The Chesapeake Breeze, in port at Reedville, Virginia.

The modes of transportation off the island are boats and airplane. There is an airport, open from dawn to dusk.[36] There are two boats that travel regularly from Crisfield, Maryland, across Tangier Sound to Tangier. Passengers and mail are carried on these boats. The mail boat, the Courtney Thomas, leaves Tangier at 8:00 am and leaves Crisfield at 12:30 pm. The Steven Thomas, a 300-passenger cruise boat, leaves Crisfield at 12:30 pm during the summer season from Memorial Day weekend through mid-October and departs Tangier at 4:00 pm. In the summer season, the Chesapeake Breeze travels daily from Reedville, Virginia, on the Western Shore, leaving Reedville at 10:00 am and leaving Tangier at 2:00 pm. The ferry service to and from Onancock, Virginia on the Joyce Marie II runs daily from the first weekend of May through the first weekend of October.[37]

Transportation on the island does not rely heavily on automobiles. Some residents outfit golf carts with passenger trailers to offer "historical tours" of the island for tourists. The roads on Tangier are wide enough for two golf carts. Tourists and islanders often use golf carts, boats, mopeds, and bikes, but some have trucks and cars.


A recording of a resident of Tangier Island who was born in the late 1800s, showcasing the island's unique accent

Many who live on Tangier Island speak a distinctive dialect of Southern American English, which scholars have disputed as derived from 17th and 18th-century British English (Early Modern and Modern English) lexicon and phonetics. Historical linguist David Shores has noted that, while it may sound like a British variety of English, the dialect is a creation of its own time and place off the eastern shore of Virginia, preserving certain features of its British origins in part due to isolation, but not unchanged.[38] The persistence of this dialectical variety is often attributed to the geographic isolation of the population from the mainland. Many non-scholarly sources (i.e. the popular media and press) report that they think the origin of the unique dialect came from early European settlers from Cornwall and Devon in the United Kingdom,[9] but this is disputed by Shores.[39] BBC Travel made a short film[40] on the language.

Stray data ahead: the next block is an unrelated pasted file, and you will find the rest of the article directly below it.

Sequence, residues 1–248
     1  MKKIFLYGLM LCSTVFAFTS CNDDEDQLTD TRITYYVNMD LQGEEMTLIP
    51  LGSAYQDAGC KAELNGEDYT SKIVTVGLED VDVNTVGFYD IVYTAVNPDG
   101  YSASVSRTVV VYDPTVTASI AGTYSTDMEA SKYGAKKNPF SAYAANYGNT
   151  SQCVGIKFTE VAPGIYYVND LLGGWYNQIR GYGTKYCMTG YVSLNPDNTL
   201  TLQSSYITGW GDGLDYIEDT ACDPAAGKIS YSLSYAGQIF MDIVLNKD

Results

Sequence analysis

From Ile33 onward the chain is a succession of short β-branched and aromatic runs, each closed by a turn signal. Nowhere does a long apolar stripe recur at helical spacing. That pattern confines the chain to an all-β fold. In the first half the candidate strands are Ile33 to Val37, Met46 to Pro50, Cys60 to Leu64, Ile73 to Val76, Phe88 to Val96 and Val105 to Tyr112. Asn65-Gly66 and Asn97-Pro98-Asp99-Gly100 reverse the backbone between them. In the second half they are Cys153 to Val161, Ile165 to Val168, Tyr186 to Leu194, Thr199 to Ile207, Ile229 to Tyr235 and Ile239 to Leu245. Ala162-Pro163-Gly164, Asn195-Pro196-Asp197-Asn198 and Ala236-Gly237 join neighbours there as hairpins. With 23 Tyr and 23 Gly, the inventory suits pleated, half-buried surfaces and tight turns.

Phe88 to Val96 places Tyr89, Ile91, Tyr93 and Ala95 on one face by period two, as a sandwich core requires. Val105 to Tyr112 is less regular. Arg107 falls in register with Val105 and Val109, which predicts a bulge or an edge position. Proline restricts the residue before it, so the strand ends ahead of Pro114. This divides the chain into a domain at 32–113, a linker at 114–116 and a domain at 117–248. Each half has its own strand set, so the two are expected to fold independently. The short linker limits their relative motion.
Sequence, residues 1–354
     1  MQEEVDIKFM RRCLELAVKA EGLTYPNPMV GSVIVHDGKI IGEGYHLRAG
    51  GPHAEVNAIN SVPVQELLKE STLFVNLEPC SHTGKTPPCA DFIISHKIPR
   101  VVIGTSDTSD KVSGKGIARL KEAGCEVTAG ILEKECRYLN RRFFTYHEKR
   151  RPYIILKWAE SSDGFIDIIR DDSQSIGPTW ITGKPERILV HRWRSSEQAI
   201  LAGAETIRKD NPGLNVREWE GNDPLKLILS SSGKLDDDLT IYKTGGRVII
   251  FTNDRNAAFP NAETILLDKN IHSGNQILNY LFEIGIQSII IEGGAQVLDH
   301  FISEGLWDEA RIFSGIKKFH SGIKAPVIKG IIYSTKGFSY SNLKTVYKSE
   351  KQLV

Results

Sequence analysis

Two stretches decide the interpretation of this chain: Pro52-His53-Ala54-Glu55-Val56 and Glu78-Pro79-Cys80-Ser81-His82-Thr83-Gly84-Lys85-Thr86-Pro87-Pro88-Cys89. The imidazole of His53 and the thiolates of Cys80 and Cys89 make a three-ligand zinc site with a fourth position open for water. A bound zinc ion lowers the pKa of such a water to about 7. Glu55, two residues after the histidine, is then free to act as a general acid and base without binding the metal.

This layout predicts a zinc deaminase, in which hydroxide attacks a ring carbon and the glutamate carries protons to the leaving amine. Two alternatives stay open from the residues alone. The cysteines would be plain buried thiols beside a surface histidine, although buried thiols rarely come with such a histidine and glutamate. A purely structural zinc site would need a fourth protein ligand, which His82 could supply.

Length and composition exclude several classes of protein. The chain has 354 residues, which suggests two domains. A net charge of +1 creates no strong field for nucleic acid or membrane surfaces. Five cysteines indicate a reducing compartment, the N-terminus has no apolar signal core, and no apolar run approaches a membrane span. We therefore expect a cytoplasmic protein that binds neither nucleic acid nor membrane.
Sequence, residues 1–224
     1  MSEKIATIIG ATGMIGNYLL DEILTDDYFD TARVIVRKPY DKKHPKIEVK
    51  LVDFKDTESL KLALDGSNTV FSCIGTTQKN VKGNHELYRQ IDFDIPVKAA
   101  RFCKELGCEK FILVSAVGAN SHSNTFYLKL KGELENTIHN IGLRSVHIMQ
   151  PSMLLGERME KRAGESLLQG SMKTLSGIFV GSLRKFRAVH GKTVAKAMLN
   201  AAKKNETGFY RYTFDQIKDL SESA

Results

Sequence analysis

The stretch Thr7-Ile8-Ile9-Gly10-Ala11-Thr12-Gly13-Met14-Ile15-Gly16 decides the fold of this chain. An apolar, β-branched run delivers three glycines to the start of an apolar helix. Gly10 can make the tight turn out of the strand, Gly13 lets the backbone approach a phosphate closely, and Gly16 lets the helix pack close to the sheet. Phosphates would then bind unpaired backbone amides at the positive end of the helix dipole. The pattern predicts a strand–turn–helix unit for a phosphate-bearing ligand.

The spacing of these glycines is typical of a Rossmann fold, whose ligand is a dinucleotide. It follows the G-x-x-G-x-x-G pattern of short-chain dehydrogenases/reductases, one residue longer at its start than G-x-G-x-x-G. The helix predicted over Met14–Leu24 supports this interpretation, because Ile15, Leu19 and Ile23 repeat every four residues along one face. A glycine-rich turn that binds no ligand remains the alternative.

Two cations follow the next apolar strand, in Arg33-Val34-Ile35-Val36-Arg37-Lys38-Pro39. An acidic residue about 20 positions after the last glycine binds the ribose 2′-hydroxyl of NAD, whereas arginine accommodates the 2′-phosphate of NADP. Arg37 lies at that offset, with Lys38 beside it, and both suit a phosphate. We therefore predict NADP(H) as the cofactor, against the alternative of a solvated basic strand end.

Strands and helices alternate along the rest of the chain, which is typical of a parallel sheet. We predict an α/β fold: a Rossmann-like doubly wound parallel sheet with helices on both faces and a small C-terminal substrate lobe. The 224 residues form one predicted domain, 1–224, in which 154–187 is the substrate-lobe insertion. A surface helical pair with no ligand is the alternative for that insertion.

The local accent is sometimes compared to that of the "Hoi Toiders" of the Outer Banks of North Carolina. There are some similarities, but the dialects are distinct. Before bridges were built, the only form of transport between or off the ridges was by boat, allowing the islands to stay isolated from the mainland. Smith Island, Maryland, has a dialect that is more similar to that of Tangier in terms of phonetics and lexicon.[41]



Watermen returning from fishing to Tangier Island. A tourist boat is visible in the background.

Today, the inhabitants of Tangier rely on crabbing to make a living. Tangier is often called the "soft-shell crab capital of the world", and has been referred to as one of the last waterman communities.[42] Most fishermen catch and sell crabs and oysters. North of the island are many free-standing docks not connected to land which fishermen use to hold crabs while they moult. Once a major industry on the island, oystering has returned in recent years as a supplement to the more prominent crabbing business. In 2014, a new oyster-farming company, called Tangier Island Oyster Company, was founded by a group that includes a former attorney general of Virginia, Ken Cuccinelli.[43]